Boslen is a born trailblazer. The 22-year-old hip-hop experimenter lives in Vancouver, and its people have become key to the way he understands himself and his art. A land of contrasts—snowy peaks and warm water, beautiful nature and busy streets—it’s the perfect home for an artist who reconciles disparate energies, weaving together styles and sounds that don't intuitively connect. DUSK to DAWN, his Capitol Records debut, furthers this adventurous approach, hypnotically mixing trap, pop, punk, and rock melodies, and it’s also directly inspired by his city—a place that drives him to be different, to strive for more, to achieve greatness when no one expects him to.

The simmering slow jam “Note to the City,” featuring local legends Rascalz, makes his affection explicit. It sounds like he’s singing about a lover, but as he croons, it becomes clear that he’s putting on for the place that made him. What he’s connected to most since moving there, he says, “is the feeling of being an underdog.” It’s something that makes sense to him as an artist who exists at the margins between scenes. And part of being an underdog is proving people wrong, succeeding despite the odds, which is Boslen’s whole goal. “I want it the most,” he says.

Growing up amid farmland in Chilliwack, BC, hip-hop wasn’t a big part of Boslen’s adolescence, at least until his mom and stepdad briefly separated, and Kid Cudi provided a crutch. “I was trying to protect my mental health as a 12-year-old kid,” he recalls. “I put in my headphones and listened to ‘Up, Up and Away,’ over and over and over again.” He eventually started writing his own music during another hard time, shortly after he arrived at the University of Victoria and back-to-back ACL tears sabotaged his rugby scholarship and plans for a future in sports.

Boslen, the artist, emerged from those emotional experiments in 2018, when he dropped out of school, moved to North Vancouver, and released the Motionless and Motionless II mixtapes. He found his footing in 2019 with the energetic, confrontational songs “Eye for an Eye” and “Hidden Nights,” which garnered millions of streams. In 2019, he released the Black Lotus EP, but even with so many intricately realized songs out in the world, DUSK to DAWN feels like a step forward, full of boundary-pushing vocal experiments, heavier production, and shape-shifting transitions. The music finally matches the tumultuous emotions he’s captured in his lyrics all along.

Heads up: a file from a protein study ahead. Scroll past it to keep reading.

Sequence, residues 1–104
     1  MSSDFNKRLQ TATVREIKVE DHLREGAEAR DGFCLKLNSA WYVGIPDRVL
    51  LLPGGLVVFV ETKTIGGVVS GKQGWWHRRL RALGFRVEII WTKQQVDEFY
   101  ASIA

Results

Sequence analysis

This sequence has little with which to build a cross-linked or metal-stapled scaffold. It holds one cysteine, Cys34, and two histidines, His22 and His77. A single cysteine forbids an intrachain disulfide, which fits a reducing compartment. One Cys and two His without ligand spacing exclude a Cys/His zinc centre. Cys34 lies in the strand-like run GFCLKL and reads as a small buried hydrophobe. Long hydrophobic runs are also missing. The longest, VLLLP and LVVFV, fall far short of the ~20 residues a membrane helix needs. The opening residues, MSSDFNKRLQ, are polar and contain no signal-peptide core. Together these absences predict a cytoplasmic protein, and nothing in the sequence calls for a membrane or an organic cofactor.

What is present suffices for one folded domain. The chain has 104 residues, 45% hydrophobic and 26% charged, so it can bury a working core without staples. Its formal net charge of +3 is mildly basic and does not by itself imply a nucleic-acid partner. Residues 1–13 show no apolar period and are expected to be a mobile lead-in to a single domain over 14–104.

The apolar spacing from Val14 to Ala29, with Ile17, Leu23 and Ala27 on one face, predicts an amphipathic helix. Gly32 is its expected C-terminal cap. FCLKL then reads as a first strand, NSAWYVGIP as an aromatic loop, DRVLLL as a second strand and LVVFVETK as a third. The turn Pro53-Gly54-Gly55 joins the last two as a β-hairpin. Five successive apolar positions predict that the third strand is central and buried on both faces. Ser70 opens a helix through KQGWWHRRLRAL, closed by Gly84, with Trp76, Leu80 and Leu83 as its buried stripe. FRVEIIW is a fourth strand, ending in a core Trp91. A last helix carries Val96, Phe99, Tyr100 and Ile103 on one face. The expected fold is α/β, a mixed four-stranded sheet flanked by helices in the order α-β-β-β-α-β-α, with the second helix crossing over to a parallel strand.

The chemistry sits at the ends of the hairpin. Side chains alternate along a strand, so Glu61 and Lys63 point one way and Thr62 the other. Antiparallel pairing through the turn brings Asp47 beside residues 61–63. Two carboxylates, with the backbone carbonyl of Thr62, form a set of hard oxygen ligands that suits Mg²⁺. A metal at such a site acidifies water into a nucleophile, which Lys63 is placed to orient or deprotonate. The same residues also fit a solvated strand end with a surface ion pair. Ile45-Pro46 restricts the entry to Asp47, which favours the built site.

DUSK to DAWN’s cinematic approach was influenced by hip-hop’s most accomplished auteurs, people like Kanye West and, of course, Cudi. Consequently, each of the record’s singles shows off a different side of his sound. The punk-infused “DENY,” with Tyla Yaweh, weaves together pained nostalgia and hard-won optimism. The braggadocious “QUARTZ,” featuring Toronto rapper Charmaine, is thrillingly brash. There is lighter fare, too, where Boslen ponders the world around him—the “dusk” songs on the record. By contrast, the “dawn” songs represent the idea of awakening, and learning to challenge the boxes that other people put him in.

“Being an Indigenous man, being a Black man, at the age I am now, people tend to turn their shoulders if you show vulnerability, or want to cry and be sensitive,” he laments. “I’m supposed to come off hard because I’m a rapper, but DUSK to DAWN came from the light and the dark.”

As a rugby player, Boslen would jot a biblical aphorism onto his cleats: “To whom much is given, much will be tested.” Never before has he understood or embraced that so clearly. He may not be able to pull every listener into Vancouver, but he’s using the city’s contrasts as a backdrop to challenge everyone to think beyond themselves—to dream big. “There’s thousands of kids here just like me who are so talented,” he says. “I’m trying to make a world that’s bigger than myself.”